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Al-Hariri's death seen as a bid to destabilise Lebanon
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Between 1989, when the Taif Accords were signed, and 2005, armed militias that once were in control, have largely disappeared from Lebanon's cities, towns and villages.
Yet the phenomenon of political assassination shows no sign of ending.
Rashid Karami, Bashir al-Jumail, Dani Shamun, Rene Muawad, Kamal Jumblatt, Hasan Khalid, Abbas al-Musawi and Rafiq al-Hariri are some of the Lebanese politicians and officials who have fallen prey to the assassin's bullet or bomb in the last three decades.
The same strategy that was used to kill president Muawad in October 1988 was used in last Monday's attack, which killed present-day Lebanon's most prominent political figure al-Hariri, the man regarded as the leader of Lebanon's reconstruction drive after the civil war.
Blow against Syria
As in all the previous cases, al-Hariri's death is seen by many Lebanese politicians as a bid to destabilise their country.
Bushra al-Khalil, a Lebanese lawyer and political activist, told Aljazeera.net the plot against al-Hariri's life also targeted Syria.
"If we look at the way the assassination has been conducted, it is very sophisticated, I knew al-Hariri's security measures - no local system could have breached them.
"The question is, who stands to benefit from his death? Syria's enemies. I think al-Hariri's death is part of the plan to divide the region into tiny helpless sectarian states. This plan has started in Iraq and it will continue to hit all other Arab countries."
Al-Khalil said the killing was an attempt to force Syria to leave Lebanon before striking it and commencing the region's carve-up.
"If we look at who all have been adding fuel to the fire in the recent past, we will find sectarian leaders and promoters of sectarian division such as Walid Jumblatt and Amin al-Jumail, who had killed a lot of Lebanese people during the war just because they were not from their sects."
Al-Khalil considers the killing of al-Hariri as the most dangerous and destabilising incident since the assassination of Egyptian president Anwar al-Sadat in 1981.
"Al-Hariri was the guardian of stable Arab-Western relations. His success in this area had pulled the rug from under the feet of the traditional godfathers of such relationships.
According to al-Khalil, opposition leaders who claimed al-Hariri was killed because he supported them and opposed Syria, are dissembling.
"Al-Hariri did not agree with them. He was grateful to Syria. He was a real pan-Arab figure who would not tolerate harm to come to any Arab country," she said.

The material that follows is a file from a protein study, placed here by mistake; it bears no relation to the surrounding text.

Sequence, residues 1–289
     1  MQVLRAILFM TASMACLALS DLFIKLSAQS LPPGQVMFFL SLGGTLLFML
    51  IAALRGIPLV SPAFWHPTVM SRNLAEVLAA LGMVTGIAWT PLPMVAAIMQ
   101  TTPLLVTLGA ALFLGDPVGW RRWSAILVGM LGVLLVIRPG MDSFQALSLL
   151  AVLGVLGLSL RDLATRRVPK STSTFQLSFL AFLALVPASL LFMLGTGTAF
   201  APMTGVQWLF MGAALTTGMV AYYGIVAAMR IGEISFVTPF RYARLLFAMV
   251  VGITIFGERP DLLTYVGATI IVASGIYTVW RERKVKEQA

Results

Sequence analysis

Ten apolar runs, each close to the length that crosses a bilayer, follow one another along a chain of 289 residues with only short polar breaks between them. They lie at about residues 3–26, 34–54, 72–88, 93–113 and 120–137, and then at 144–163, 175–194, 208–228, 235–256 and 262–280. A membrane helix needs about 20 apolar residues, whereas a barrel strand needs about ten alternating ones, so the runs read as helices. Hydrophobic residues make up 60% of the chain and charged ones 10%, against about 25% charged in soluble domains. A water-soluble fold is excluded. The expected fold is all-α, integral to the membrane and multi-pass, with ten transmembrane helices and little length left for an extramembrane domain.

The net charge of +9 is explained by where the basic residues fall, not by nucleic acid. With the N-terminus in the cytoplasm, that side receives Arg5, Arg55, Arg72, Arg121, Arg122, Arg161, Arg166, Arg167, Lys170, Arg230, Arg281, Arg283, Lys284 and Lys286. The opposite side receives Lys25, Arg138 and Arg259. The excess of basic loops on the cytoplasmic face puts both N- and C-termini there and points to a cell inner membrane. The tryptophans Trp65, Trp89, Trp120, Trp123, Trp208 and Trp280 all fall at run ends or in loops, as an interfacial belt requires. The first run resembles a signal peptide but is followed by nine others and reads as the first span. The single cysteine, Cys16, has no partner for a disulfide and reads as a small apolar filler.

Al-Hariri had said before his death that he knew there were people working to discredit his Arabist and nationalist points of view.
Striking a similar note, Imad Fawzi al-Shuaibi, head of the Strategic Studies Centre in Damascus, told Aljazeera the former Lebanese prime minister was not an enemy of Syria.
"Obviously al-Hariri's assassination was a blow against Syria and Lebanon. He was not an enemy of Syria. He was a historic and traditional friend and ally of Syria.
"He did have disagreements with Syria lately, but he did not call for the withdrawal of Syrian forces from Lebanon, or stir up hostility towards Syria or demand an end to Syria's role in Lebanon. He only had a different point of view" al-Shuaibi said.
In his opinion, the huge crowds that bid farewell to al-Hariri on Wednesday were not demonstrating their support for the Lebanese opposition, but rather were expressing their gratitude to, and admiration for, al-Hariri."
Al-Shuaibi's views seem to be diametrically opposed to those of former Lebanese president Amin al-Jumail, who said the thousands of Lebanese citizens who attended al-Hariri's funeral wanted to express their desire for "independence".
"This is a Lebanese plea to the whole world, an attempt to get all countries to take note of Lebanon's misfortune - the violations of freedom and democracy going on in the country.
"This is a very important expression of people's emotions. They are disgusted with the current [political] dispensation and the Syrian presence in Lebanon. They want to deliver a message to the whole world that the Lebanese authorities do not represent them and do not share their emotions.
"Now they are all together in calling for Lebanon's liberty and independence", al-Jumail said.
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